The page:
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Volume 774: debated on Monday 17 October 2016


Asked by

To ask Her Majesty’s Government what assessment have they made of the level of hidden homelessness in England.

My Lords, I beg to ask the Question standing in my name on the Order Paper. In doing so, I refer Members to my entry in the register of interests. I am a councillor in the London Borough of Lewisham and a vice-president of the Local Government Association.

My Lords, measuring hidden homelessness is inherently difficult, as there is no agreed definition or reliable method of data collection. Therefore, the Government have made no assessment of hidden homelessness.

My Lords, we live in one of the richest countries in the world. Does the noble Lord agree that the increase in homelessness over recent years is nothing short of a national disgrace? What assessment have the Government made of the Homelessness Reduction Bill introduced by Bob Blackman MP in the Commons, which seems very welcome and deserves cross-party support?

My Lords, I share the noble Lord’s feeling that homelessness is something that we need to take action about. He will know that it is a very high priority for the Prime Minister and the Government. I agree with him that the Bob Blackman Bill is worth serious consideration. He will know that it has gone through pre-legislative scrutiny by the Communities and Local Government Select Committee, and the Government are considering it closely.

My Lords, will the noble Lord tell us what he defines as homelessness, and particularly hidden homelessness? Does he include all these young people who are forced to remain in the family home who would dearly love to move on and have property, or at least a small dwelling, for themselves?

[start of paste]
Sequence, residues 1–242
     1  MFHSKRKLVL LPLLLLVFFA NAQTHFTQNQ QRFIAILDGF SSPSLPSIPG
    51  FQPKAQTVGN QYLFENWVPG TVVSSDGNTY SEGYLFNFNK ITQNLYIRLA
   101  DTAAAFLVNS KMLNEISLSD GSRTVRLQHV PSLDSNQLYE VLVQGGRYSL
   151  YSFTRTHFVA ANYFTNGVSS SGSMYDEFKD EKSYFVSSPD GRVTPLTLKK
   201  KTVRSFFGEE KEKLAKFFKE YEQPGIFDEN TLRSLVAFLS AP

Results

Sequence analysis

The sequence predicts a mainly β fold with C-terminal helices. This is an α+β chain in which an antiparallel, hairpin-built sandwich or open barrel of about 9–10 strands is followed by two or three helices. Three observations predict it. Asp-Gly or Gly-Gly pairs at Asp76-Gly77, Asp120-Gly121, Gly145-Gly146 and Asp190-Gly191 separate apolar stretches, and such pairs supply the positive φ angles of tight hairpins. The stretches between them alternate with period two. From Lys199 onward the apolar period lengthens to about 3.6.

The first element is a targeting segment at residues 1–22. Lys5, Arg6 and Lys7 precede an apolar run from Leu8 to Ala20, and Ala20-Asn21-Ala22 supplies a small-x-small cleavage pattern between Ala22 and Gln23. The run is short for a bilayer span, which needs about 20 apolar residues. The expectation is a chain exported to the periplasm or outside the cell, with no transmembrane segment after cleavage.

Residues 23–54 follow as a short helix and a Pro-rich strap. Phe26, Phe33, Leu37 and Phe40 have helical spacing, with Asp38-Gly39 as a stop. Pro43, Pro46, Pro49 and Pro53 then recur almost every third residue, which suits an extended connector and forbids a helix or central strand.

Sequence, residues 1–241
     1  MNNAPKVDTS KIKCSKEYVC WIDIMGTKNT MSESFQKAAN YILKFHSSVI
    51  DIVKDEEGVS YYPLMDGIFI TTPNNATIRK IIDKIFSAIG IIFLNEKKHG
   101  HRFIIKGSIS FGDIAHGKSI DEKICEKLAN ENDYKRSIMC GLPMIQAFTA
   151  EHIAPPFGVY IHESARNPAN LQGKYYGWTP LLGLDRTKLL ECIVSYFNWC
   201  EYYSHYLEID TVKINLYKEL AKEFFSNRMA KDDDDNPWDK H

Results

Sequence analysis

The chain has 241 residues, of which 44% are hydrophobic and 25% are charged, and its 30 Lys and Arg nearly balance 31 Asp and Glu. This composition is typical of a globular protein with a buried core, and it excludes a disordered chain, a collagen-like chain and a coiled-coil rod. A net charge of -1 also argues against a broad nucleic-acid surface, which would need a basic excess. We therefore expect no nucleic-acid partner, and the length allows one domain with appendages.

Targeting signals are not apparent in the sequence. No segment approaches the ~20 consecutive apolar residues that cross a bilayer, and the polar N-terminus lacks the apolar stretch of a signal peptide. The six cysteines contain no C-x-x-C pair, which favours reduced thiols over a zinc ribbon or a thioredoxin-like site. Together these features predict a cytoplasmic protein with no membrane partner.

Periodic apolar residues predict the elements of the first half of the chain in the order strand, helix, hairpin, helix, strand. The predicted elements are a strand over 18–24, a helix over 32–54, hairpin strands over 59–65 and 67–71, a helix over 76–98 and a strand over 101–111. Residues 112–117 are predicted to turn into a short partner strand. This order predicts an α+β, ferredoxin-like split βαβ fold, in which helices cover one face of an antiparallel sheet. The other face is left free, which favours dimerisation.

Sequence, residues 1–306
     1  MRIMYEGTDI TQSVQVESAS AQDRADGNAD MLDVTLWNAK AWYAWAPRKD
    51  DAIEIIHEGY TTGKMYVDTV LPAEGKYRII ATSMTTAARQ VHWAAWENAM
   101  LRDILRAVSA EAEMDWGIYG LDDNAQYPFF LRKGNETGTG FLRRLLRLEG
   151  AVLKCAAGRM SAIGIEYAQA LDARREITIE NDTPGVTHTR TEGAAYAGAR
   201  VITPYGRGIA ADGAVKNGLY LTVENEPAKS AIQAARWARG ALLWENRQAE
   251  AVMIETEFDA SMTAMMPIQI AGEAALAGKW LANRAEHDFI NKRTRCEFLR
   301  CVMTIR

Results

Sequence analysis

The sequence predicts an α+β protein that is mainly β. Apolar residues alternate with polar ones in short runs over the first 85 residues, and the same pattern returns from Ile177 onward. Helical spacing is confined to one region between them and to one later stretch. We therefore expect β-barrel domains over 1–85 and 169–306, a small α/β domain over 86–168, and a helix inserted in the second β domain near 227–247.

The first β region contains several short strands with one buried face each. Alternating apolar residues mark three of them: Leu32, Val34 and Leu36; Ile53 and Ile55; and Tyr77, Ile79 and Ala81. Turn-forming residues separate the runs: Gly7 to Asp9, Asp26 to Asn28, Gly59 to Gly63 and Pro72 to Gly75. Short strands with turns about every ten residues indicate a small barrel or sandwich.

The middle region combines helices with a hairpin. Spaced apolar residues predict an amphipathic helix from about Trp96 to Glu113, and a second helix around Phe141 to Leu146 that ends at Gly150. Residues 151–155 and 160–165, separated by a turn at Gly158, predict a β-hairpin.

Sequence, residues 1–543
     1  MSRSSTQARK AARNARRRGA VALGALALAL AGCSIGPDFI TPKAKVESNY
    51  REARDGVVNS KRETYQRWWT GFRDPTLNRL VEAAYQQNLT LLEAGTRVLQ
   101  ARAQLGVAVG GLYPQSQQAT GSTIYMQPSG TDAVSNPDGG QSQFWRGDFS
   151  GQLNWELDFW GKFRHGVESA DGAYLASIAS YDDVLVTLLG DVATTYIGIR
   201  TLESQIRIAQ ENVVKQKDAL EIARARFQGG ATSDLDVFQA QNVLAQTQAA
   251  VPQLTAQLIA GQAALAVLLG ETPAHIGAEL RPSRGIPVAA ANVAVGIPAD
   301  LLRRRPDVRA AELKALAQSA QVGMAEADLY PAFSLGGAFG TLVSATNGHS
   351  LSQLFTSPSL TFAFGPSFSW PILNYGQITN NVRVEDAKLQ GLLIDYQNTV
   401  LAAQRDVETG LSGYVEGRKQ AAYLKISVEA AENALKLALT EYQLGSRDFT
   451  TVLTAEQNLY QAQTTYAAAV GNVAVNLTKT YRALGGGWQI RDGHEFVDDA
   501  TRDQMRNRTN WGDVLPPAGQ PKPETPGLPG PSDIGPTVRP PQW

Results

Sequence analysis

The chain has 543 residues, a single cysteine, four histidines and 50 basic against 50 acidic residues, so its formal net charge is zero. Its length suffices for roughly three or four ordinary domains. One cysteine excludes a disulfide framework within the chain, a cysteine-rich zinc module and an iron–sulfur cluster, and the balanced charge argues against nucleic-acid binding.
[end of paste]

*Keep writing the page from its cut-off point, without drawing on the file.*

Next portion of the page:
My Lords, my noble friend has put her finger on the nature of the problem. As I said, it is difficult to define hidden homelessness for the reasons that she just gave. Many people may be staying with friends or relations for six months, perhaps having come down from a village or town to London, before finding permanent accommodation, for example.

My Lords, does the Minister deplore the fact that 100,000 children are living in homeless accommodation—temporary, insecure accommodation—in this country, the highest level since the early 2000s? When do the Government anticipate that the number of homeless children will begin to decline?

My Lords, the noble Lord is right: young people being homeless is a matter of concern. The Government have contributed a significant amount of money to the positive pathways framework—two-thirds of local authorities are benefiting from that—and £15 million has gone into the fair chance fund, helping 1,900 homeless young people with complex needs. Yes, there is a challenge; the Government are rising to it.

My Lords, can the Minister explain the increase in people living in our streets over the past few years? What does he think is the driving reason for it?

My Lords, the last figure taken was taken on a night in the autumn of 2015, when 3,569 people were found to be sleeping rough in England. That is a serious position, there is no doubt; it has been at that sort of level over a period of time. The noble Lord will no doubt be pleased about the £40 million worth of assistance announced today in relation to helping with housing.